A few weeks a go a Japanese female friend of mine (T) emailed me asking if she could bring a Japanese male acquaintance (K) by my office to meet me. I happily agreed and so I met with T and her friend. At first I was a bit puzzled about why he wanted to meet me – he was an exchange student from Osaka who was preparing to leave the US and return to Japan. When I asked him what I could do for him, he simply smiled and said that he heard about me from some of my doctoral program colleagues and was curious about who this guy was who had lived in Osaka and could speak a little Japanese. At that, I was still unsure what exactly our visit would accomplish, but I began to get a feeling that T knew exactly what she was doing and that perhaps she had brought this guy to my office for a very different reason.
With no clear purpose for a conversation, I began to talk about my dissertation and experiences in Japan, asking K’s opinion on various topics. He remained quiet, smiling and nodding his head as T and I began to laugh about stories where she witnessed my Japanese L2 identity (the most amusing being her story of my bowing at the steering wheel when driving and backing the car into a parking space, Japanese style before shopping at Pittsburgh’s Little Tokyo market and eating mochi ice cream).
Our conversation lasted about an hour and we agreed that it could be fun for K and I to meet while I was traveling through Japan later that summer. I asked him to email me his Japanese cell phone number so that we could correspond and then gave him my email address.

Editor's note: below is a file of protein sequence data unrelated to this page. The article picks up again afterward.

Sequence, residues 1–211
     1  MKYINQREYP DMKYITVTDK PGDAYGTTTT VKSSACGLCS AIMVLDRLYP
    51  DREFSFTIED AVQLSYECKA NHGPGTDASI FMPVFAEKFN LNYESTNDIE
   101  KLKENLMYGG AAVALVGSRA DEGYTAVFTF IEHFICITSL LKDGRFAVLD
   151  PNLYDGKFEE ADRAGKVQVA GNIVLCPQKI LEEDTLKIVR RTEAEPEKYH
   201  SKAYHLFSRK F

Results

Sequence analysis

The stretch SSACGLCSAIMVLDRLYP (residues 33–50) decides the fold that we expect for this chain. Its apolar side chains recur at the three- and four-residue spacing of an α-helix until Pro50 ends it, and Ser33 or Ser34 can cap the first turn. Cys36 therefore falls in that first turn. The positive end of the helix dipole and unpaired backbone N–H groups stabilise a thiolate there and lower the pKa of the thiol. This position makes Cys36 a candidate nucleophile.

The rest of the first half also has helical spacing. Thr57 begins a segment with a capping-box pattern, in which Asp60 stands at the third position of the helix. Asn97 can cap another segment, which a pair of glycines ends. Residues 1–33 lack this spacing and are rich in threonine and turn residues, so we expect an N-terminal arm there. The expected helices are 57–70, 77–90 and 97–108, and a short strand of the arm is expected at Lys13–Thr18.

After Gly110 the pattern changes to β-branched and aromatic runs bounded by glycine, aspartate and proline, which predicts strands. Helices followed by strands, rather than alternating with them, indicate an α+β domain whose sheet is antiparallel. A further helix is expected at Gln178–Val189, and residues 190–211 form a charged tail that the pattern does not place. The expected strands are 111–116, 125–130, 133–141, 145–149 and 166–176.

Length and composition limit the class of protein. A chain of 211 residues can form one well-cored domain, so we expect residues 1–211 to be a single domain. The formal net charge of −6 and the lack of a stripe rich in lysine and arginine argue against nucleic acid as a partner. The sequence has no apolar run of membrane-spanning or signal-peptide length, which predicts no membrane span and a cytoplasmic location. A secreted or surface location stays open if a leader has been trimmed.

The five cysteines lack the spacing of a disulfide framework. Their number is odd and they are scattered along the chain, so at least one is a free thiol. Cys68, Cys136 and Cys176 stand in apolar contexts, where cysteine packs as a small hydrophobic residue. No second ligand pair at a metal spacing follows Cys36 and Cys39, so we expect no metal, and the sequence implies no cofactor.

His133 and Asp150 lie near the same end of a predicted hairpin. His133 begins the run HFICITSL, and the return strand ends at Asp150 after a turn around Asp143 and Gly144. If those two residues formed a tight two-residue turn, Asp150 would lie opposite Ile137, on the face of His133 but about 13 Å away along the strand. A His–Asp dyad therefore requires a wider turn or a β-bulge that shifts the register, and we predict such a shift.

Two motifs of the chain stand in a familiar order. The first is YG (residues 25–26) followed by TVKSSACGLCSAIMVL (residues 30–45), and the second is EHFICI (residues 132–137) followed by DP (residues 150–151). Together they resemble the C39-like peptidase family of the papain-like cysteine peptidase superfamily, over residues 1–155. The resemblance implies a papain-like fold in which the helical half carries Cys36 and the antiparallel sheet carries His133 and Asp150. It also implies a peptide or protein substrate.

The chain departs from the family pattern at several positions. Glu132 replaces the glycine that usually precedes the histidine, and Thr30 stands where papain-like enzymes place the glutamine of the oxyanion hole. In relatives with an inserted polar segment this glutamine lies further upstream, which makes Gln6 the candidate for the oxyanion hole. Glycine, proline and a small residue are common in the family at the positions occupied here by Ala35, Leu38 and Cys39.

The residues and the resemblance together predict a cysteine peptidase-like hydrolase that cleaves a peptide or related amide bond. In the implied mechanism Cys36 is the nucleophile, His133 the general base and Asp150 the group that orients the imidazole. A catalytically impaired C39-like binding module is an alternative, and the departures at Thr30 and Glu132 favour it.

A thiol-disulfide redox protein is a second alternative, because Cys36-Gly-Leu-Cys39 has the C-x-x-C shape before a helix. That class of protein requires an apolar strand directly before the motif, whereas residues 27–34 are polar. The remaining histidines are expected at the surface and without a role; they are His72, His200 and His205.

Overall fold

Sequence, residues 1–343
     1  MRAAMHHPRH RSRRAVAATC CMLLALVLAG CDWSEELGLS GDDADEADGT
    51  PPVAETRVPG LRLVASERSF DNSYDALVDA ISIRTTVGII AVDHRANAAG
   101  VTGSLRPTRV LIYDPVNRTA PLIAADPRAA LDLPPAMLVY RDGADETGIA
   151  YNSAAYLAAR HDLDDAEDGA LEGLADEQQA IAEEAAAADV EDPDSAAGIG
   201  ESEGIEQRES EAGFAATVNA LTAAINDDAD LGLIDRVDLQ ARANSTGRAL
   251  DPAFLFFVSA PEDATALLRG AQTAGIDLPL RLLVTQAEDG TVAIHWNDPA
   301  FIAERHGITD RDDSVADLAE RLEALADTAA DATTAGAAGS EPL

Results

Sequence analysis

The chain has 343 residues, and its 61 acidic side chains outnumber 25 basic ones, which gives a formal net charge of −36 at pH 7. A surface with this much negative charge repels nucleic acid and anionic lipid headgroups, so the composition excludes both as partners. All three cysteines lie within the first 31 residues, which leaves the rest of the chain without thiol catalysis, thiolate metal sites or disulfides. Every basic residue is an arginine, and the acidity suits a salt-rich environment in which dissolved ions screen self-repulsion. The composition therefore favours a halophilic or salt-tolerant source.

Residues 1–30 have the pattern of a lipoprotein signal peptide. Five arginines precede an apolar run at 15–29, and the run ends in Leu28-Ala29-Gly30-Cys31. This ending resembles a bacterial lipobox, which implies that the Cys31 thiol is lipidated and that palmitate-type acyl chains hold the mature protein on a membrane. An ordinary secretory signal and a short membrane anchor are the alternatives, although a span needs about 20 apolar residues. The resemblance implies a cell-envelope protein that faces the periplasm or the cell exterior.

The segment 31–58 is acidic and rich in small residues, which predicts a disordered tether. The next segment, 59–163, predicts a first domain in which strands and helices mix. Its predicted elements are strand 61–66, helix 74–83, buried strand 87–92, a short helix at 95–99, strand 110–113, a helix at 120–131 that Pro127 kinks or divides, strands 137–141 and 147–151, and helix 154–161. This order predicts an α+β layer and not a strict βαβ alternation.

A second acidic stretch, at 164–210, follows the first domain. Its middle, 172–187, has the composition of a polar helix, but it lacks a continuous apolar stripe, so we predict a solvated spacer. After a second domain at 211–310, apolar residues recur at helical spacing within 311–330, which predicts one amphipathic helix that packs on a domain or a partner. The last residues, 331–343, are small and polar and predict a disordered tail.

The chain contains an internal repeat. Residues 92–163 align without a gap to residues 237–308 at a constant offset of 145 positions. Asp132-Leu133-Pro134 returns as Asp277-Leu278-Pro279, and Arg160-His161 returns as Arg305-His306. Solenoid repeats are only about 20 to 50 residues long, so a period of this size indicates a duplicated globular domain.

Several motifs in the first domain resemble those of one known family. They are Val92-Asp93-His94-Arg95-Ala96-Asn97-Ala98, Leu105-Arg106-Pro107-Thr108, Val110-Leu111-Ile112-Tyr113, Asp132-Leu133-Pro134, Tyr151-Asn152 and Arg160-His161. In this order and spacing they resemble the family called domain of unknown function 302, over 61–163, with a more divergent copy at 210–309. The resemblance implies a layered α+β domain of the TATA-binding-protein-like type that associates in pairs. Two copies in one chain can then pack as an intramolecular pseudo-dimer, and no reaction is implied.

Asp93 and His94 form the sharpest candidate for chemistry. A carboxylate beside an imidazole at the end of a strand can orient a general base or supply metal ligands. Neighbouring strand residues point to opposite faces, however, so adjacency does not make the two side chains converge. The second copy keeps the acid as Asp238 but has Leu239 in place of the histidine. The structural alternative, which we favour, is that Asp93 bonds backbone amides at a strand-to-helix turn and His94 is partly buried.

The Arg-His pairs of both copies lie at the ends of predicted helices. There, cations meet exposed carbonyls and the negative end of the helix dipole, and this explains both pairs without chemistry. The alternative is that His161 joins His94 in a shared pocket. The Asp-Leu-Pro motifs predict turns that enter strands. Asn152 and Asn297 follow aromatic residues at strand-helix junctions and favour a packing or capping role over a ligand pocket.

Later that day, I noticed a baseball hat sitting on the floor next to one of the chairs where my students usually sit. I couldn’t recall who had worn it, but I figured sooner or later I’d get an email from someone asking if it was still there.
A few minutes later, I received an email from K, thanking me for meeting with him, and telling me that he might be able to help me with my research.
I think I may have something to tell you besides my keitai number.
Then, upon my asking if he should like to meet at my office again, this time without T, this email followed:
Hi, I forgot to tell you. I’m actually gay. Please keep it secret.
And then, wondering if he had left his hat behind…
I think I left my Penguin hat in your office. I would like to get it before a classaround 10:30, if you are available.
“Ah hah,” I thought, “a reason for him to come back and chat with me again.
And then, another email…
I am glad that I finally found someone I can talk about what I really am. I have been pretending I am a straight, which brought some problems. haha…
And yet another:
About what I told you in my other email – please don’t tell anyone, only a few of my American friends know. I don’t tell the other Japanese students.